By J.D. Heyes
Literally hundreds of incidents involving viruses, bacteria and toxins that pose major bioterror risks to both people and agriculture have been reported to federal regulators from 2008 through 2012, according to government reports obtained and reviewed by USA Today.
More than half of the over 1,100 incidents were serious enough that laboratory workers had to have medical evaluations and/or treatment, the reports note. And in five of the incidents, regulators confirmed that lab workers had been either infected or sickened, though all recovered.
USA Today also reported:
In two other incidents, animals were inadvertently infected with contagious diseases that would have posed significant threats to livestock industries if they had spread. One case involved the infection of two animals with hog cholera, a dangerous virus eradicated from the USA in 1978. In another incident, a cow in a disease-free herd next to a research facility studying the bacteria that cause brucellosis, became infected due to practices that violated federal regulations, resulting in regulators suspending the research and ordering a $425,000 fine, records show.
However, the names of the laboratories which experienced mishaps and mistakes, as well as most information about all of the accidents, are required to be kept secret due to federal bioterrorism laws, says the U.S. Department of Agriculture — which regulates the labs and co-authored the annual laboratory incident reports in conjunction with the Centers for Disease Control and Prevention.
As Natural News has reported in the past, the CDC especially has made an issue of lab safety and security in recent years, and incidents have increasingly come under additional scrutiny by Congress in recent weeks following a series of high-profile blunders at some very prestigious government labs. Accidents involving anthrax, bird flu and the smallpox virus have occurred.
In recent days, CDC investigators found that a rushed lab scientist was using sloppy practices when a specimen of mild bird flu had unwittingly been contaminated with a deadlier strain of the same virus before it was then shipped to other labs.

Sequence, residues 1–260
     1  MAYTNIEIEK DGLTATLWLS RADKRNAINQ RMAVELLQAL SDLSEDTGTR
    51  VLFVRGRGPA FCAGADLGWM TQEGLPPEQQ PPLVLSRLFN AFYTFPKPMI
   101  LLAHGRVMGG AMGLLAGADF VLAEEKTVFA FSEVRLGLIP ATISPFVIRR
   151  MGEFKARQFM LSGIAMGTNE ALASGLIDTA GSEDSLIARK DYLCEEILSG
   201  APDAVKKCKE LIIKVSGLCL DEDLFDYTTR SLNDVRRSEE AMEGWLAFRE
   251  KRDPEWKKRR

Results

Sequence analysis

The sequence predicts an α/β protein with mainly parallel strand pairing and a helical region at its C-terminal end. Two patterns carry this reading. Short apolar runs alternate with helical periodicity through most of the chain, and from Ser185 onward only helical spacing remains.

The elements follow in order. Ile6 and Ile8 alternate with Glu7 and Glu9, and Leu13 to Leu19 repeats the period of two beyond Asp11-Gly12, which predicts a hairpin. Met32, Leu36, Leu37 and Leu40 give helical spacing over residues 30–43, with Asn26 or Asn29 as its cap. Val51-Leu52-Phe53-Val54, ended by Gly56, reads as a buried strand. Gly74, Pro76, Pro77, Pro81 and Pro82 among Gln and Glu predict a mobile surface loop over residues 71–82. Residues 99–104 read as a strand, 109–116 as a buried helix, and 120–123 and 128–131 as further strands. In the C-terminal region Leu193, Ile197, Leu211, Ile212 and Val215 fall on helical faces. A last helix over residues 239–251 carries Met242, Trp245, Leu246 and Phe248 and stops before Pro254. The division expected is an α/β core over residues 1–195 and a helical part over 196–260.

And early this summer, other scientists and researchers at the CDC might have exposed scores of staffers to live anthrax because of mistakes made in labs, though again, no one was sickened.
Meanwhile, at the National Institutes of Health, vials of deadly smallpox that had long been forgotten were found in a cold-storage room — and they were not supposed to be there.
‘More than 200 incidents are reported each year’
As USA Today reported, the new lab incident information indicates that “mishaps occur regularly at the more than 1,000 labs operated by 324 government, university and private organizations across the country that are registered with the Federal Select Agent Program.” This is a program that is jointly run by the USDA and CDC, which are required by law to submit short reports annually with all incident data to lawmakers.
The paper further noted:
The reports, released by CDC in response to a request from USA TODAY, contain few details beyond a count of incidents by categories, such as incidents involving bites or scratches from infected animals, needle sticks, failures of personal protection equipment, spills or specimen packages that temporarily went missing after they were shipped. No thefts were reported.
Complete data for all incidents reported in 2013 are not yet available because they are not finalized, CDC told the paper. The prior year, lab regulators said they took in 247 reports of potential releases of dangerous pathogens. They received the same number of reports the year before as well. In 2010, there were 275 reported incidents, 243 in 2009 and 116 in 2008.
“More than 200 incidents of loss or release of bioweapons agents from U.S. laboratories are reported each year. This works out to more than four per week,” Richard Ebright, a biosafety expert at Rutgers University in New Jersey who testified before Congress last month at a hearing about CDC’s lab mistakes, told the paper.
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